Category Archives: Birdlife of Spain

Reintroduction of the extinct (in Spain) white-tailed eagle (Haliaeetus albicilla)

The GREFA project continues its work with the reintroduction of the extinct (in Spain) white-tailed eagle (Haliaeetus albicilla). Over the last few years many conservation programs in Europe have successfully brought back this historically persecuted eagle to stable population numbers and the equally successful breeding and reintroduction program in Norway has now sent nine young birds to be cared for in a hacking enclosure in Pimiango, Ribadedeva (Asturias).

As ever there are critics and supporters of this project. Mainly, the critics are stating the the white tailed eagle was never a breeding, resident species in the Iberian Peninsular…..Join in on the conversation about this at the Iberia nature Forum:

Initial experimental phase

The young birds have been fitted with radio transmitters and will hopefully be released in the Autumn (2021).

The first two years of the project have been conceived as an experimental phase in which new reintroduction techniques based on GREFA’s long experience in the recovery of large birds of prey will be tested. After this phase, an assessment will be made of the results obtained in relation to the adaptation and integration of the birds released into the ecosystem.

Reintroduction to Spain of the extinct white-tailed eagle (Haliaeetus albicilla)
Reintroduction to Spain of the extinct white-tailed eagle (Haliaeetus albicilla) – Photo GREFA

If the experimental phase reaches a positive evaluation, the Pigargo Project will continue with the annual release of up to twenty specimens for at least five more years, in order to establish a future breeding population of the species in Spain.

For further reading on the white-tailed eagle (Haliaeetus albicilla) there is an incredibly informative and in depth article at wikipedia:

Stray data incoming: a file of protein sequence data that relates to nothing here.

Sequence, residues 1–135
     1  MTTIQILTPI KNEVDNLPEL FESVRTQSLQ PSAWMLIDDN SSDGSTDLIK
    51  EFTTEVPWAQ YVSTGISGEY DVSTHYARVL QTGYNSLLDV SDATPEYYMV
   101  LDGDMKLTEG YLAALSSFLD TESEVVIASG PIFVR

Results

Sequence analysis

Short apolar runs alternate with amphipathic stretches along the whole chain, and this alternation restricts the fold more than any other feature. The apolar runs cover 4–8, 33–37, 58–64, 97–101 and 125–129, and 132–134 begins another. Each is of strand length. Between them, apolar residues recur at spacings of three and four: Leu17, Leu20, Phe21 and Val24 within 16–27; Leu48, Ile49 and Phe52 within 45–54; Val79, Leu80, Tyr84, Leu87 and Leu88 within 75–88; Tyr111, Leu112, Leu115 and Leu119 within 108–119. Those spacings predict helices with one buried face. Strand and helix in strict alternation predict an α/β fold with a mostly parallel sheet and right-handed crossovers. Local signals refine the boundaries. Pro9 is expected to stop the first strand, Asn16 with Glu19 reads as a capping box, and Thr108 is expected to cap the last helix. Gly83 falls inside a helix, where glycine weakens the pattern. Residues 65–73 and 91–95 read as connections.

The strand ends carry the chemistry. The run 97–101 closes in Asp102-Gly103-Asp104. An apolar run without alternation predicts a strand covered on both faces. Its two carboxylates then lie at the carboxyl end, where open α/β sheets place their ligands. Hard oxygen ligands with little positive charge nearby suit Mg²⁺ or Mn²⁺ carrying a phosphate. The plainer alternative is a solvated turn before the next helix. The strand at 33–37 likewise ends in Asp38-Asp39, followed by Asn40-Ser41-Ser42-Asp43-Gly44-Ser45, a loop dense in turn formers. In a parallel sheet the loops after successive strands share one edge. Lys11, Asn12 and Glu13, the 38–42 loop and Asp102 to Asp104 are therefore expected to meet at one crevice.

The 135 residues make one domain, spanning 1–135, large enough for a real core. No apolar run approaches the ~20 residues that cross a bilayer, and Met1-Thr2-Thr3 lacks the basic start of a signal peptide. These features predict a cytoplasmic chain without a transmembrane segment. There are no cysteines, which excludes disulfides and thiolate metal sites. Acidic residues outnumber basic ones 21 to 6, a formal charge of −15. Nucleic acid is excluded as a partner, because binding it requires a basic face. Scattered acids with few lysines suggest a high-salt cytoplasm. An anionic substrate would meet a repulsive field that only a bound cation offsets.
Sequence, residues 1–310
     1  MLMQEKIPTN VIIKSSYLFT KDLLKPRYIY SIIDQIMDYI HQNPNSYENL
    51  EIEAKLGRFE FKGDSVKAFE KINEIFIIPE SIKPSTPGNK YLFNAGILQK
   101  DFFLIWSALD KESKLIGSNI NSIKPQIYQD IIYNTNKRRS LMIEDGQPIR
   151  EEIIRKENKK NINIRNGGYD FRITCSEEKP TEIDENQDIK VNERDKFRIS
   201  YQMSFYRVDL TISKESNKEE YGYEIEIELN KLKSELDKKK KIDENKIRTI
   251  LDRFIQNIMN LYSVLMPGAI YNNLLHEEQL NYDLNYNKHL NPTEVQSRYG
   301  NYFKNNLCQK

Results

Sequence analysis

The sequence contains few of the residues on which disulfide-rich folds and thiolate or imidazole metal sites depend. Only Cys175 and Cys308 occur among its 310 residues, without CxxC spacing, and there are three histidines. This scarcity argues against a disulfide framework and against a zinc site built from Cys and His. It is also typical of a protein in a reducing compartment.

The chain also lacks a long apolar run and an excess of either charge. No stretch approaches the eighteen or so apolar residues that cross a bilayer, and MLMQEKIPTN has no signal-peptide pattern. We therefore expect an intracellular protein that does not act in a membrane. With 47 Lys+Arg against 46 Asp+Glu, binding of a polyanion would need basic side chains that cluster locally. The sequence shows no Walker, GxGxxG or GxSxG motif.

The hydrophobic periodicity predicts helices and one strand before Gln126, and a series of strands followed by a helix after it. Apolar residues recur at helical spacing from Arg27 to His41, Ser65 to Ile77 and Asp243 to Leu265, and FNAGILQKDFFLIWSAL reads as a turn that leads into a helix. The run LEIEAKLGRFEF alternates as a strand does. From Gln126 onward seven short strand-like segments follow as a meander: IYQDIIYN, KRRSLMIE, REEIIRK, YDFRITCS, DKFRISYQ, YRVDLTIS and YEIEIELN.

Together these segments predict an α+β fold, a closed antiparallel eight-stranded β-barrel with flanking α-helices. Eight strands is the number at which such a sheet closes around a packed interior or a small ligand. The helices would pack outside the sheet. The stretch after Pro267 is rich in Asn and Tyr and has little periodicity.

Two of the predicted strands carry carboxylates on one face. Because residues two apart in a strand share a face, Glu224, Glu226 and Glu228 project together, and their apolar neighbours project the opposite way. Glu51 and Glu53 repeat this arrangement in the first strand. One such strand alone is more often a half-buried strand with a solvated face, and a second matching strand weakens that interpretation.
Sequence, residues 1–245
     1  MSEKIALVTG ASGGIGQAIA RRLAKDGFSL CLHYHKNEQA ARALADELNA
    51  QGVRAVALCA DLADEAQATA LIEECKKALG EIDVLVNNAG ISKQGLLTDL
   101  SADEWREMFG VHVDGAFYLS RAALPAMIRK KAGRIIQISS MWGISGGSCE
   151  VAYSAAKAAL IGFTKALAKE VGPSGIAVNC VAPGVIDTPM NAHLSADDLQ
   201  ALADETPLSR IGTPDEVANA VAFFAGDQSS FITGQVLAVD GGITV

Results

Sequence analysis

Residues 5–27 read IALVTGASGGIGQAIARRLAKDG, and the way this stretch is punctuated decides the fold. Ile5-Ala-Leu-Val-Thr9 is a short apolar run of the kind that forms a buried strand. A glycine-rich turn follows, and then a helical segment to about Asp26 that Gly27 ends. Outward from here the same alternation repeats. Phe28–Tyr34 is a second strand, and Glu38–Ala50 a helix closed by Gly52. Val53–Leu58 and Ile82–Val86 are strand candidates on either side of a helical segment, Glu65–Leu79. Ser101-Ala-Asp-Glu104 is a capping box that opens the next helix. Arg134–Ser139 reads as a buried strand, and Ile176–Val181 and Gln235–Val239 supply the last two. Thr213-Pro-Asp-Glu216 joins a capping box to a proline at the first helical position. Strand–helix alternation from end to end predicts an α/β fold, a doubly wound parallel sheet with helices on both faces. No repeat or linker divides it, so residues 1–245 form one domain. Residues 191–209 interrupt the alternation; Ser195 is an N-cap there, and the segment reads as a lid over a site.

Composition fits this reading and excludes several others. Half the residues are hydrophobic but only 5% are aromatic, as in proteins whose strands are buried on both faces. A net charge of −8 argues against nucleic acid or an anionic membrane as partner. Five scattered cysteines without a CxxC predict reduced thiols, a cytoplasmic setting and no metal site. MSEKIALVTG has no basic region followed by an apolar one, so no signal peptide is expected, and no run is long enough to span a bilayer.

And, the original press release article at GREFA (In Spanish) here:

GREFA have worked closely with the reintroduction of the bearded vulture in Spain.:

Wildside Holidays – Spain

The best and most up do date information about Wildlife in Spain and where to see it!

Eleven Bonellis eagle chicks reared in 2021

Fantastic to see that the GREFA projects working with the AQUILA a-LIFE project have announced that they have hatched and reared 11 chicks this year (2021) in the two breeding centres. The birds have already been moved to various temporary holding sites across Europe for release in the future.

Eleven Bonellis eagle chicks reared in 2021
Bonellis eagle (Aquila fasciata) in its assisted release area –

AQUILA a-LIFE wants to contribute to increasing the extent of the presence of the Bonelli’s eagle in the western Mediterranean and to reverse its regressive population trend, to help restore the ecosystems where it once lived. The project aims to work towards the recovery of the species over a large geographic (Europe) area at the meta-population scale (not at the scale of small local populations).

Full article in Spanish here:

GREFA (Grupo de Rehabilitación de la Fauna Autóctona y su Hábitat)

GREFA (Group for the Rehabilitation of Native Fauna and its Habitat) is a non-profit, non-governmental organization that was founded in 1981 as an association for the study and conservation of nature. Since its creation, GREFA has maintained constant growth both in the development of its activities and projects and in means and resources. (In Spanish)

Bearded Vultures in Tinença de Benifassà Natural Park

Fantastic news to see that the re introduction project in Spain has become so successful over the last few years with three more Bearded Vulture in Tinença de Benifassà Natural Park using the hacking method this week.

The hacking method involves releasing chicks that hatched in captivity at an artificial nest in suitable habitat to acclimatize to the natural environment for the coming weeks before they take their first flights. With this technique, the nestlings can associate the place where they are released with the area of hatching so that when they reach breeding age, which is around 8-10 years old, they select these places to breed. When Bearded Vultures are young, they tend to travel vast distances and explore new regions, but once they become sexually mature, they tend to select areas close to where they hatched to breed.

Read the full article on the Vulture Conservation Foundation here:

Read about the Bearded Vulture here:

Iberia Nature Forum

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Albino osprey chick

The first ever known “albino” Osprey chick has hatched in the Urdaibai biosphere reserve in the Basque country.

UPDATE: Unfortunately, the albino chick died within a few days as it seemed it sight was impaired and only fed a couple of times. The female removed it from the nest a few hours after it died. The two remaining Chicks are growing rapidly on their fish diet.

Follow the conversation over at the Iberia Nature forum: